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Christiaan Durrant 55th Production boat into Saint-François

Christiaan Durrant (1015) crossed the finish line of the second leg of the 23rd edition of the Mini Transat EuroChef in 55th place in the Production boat fleet this Tuesday 16 of Novembre at 19h 58min 02s (UTC). In this way, the skipper of Little Rippa took 18 days 05 hours 58 minutes and 02 seconds to complete the 2,700 miles of the course between Santa Cruz de La Palma and Saint-François. His combined race time for the two legs equates to 29 days 38 minutes 42 seconds.

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really been a very interesting race for me. The first week at sea was the most wonderful of my entire life and the second was the hardest. My autopilot failed. Without it, it became hard to make a sail change. At one point, I wanted to dump the spinnaker to hoist the solent, but the boat rounded up. All of a sudden, everything got tangled up. My headsail twisted up in itself countless times over. As such, I lost the use of my spinnaker and was never able to lower it back down.  At the time, it was hard, but I told myself that it wasn’t the end of the world either. I cut away as much as I could so it would annoy me as little as possible, but admittedly it was hell. That happened three days from the finish. Obviously, I’ve not been very quick since and that’s my justification for finishing behind Antoine Bos! (laughs)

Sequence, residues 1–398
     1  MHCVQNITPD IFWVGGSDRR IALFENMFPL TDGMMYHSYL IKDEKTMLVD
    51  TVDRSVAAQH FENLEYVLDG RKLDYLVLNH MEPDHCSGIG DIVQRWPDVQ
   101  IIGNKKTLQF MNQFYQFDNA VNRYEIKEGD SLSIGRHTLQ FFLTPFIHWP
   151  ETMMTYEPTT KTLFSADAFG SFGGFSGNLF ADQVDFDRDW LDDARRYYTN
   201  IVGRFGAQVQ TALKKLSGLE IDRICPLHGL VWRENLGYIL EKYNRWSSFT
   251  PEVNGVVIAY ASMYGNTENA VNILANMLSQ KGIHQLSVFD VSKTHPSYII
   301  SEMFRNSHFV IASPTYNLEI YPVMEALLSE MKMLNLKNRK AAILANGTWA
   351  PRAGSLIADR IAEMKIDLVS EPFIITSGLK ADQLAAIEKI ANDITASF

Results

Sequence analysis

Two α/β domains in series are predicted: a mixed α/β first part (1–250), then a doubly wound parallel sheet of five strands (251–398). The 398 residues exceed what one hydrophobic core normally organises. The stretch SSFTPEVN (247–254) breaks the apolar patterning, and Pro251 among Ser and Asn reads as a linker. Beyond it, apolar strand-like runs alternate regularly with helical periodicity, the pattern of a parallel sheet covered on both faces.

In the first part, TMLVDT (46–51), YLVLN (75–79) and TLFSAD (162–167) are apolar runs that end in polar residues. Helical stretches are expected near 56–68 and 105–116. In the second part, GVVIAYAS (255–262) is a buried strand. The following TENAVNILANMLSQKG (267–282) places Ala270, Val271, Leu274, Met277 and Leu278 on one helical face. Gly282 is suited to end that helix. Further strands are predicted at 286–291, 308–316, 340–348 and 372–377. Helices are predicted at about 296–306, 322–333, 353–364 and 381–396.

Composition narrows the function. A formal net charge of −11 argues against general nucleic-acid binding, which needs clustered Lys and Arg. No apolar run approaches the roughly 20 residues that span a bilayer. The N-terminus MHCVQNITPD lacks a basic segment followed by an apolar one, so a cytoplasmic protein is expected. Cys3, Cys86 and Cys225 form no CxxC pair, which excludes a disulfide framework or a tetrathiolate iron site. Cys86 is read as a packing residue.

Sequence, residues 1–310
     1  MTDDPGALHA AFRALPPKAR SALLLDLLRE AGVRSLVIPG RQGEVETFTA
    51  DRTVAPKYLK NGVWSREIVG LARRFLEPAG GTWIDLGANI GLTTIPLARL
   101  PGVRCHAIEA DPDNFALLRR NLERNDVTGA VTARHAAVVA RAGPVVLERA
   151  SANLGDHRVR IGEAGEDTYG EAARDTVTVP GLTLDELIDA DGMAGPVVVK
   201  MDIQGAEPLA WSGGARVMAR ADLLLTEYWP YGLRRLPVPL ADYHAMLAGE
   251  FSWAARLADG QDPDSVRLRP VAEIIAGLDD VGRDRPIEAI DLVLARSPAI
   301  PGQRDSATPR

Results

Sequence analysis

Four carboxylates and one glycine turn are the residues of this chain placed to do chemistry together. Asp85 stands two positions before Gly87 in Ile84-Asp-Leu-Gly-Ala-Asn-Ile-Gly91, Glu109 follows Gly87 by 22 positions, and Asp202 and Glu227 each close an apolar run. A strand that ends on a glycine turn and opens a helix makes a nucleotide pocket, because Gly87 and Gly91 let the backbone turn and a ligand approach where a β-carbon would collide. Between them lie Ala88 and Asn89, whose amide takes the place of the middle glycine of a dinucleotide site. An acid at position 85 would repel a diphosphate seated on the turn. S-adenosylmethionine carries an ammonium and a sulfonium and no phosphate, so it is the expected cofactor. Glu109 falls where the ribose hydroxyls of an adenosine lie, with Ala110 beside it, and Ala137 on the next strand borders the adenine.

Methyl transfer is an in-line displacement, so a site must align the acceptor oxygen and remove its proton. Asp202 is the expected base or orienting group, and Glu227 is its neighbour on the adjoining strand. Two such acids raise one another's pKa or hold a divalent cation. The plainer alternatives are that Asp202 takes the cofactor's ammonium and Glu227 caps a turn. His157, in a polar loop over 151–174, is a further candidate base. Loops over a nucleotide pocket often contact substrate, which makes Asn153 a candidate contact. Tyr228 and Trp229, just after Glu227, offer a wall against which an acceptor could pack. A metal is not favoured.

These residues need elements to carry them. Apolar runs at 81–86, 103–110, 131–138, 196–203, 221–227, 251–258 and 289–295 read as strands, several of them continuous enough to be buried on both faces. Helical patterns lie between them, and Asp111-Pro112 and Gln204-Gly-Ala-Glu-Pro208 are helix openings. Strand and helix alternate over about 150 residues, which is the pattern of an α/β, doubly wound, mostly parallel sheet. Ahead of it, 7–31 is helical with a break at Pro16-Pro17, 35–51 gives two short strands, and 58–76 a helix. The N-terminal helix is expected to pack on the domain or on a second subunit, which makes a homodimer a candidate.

The first week was just fantastic, even though I had problems with the navigation system, which meant that I was quick on one tack and not on the other. That lasted for 10 days before I managed to resolve the problem. After that, I managed to catch up a bit every day and the boat was really going great guns. Next, as I mentioned, my autopilot failed. From that point, I only slept for 2 hours a day for eight days. 

I’m happy. Why am I happy? Because for me the Mini Transat is not about the ranking. It’s about community. Before I started out in the Mini 6.50 a year ago, I had no idea what it was. I watched Matthieu Vincent’s YouTube videos and that’s what triggered all this as my professional life was kind of on hold due to the Coronavirus. I had to put in a great deal of effort and energy to get my project up and running, but I didn’t imagine how rich an experience it would be on a sporting and human level. That’s why my result today is of little importance. I’m part of a fantastic community with some incredible sailors. 

On the big America’s Cup boats for example, you find athletes specialised in a single task. In Mini, you find people who know how to do absolutely everything on their own. It’s representative of the French system, which is quite remarkable. I’ve travelled and sailed in a hundred or so countries and I know that there’s no other place in the world where singlehanded offshore racing is so revered. Brittany is somewhere that’s in a league of its own. People there have the sea in their blood. They live and breathe the ocean. I’ve had an extraordinary year at the training cluster in La Turballe with my coach Hervé and all the skippers who are now friends for life. I’ve gained so much through this experience!”

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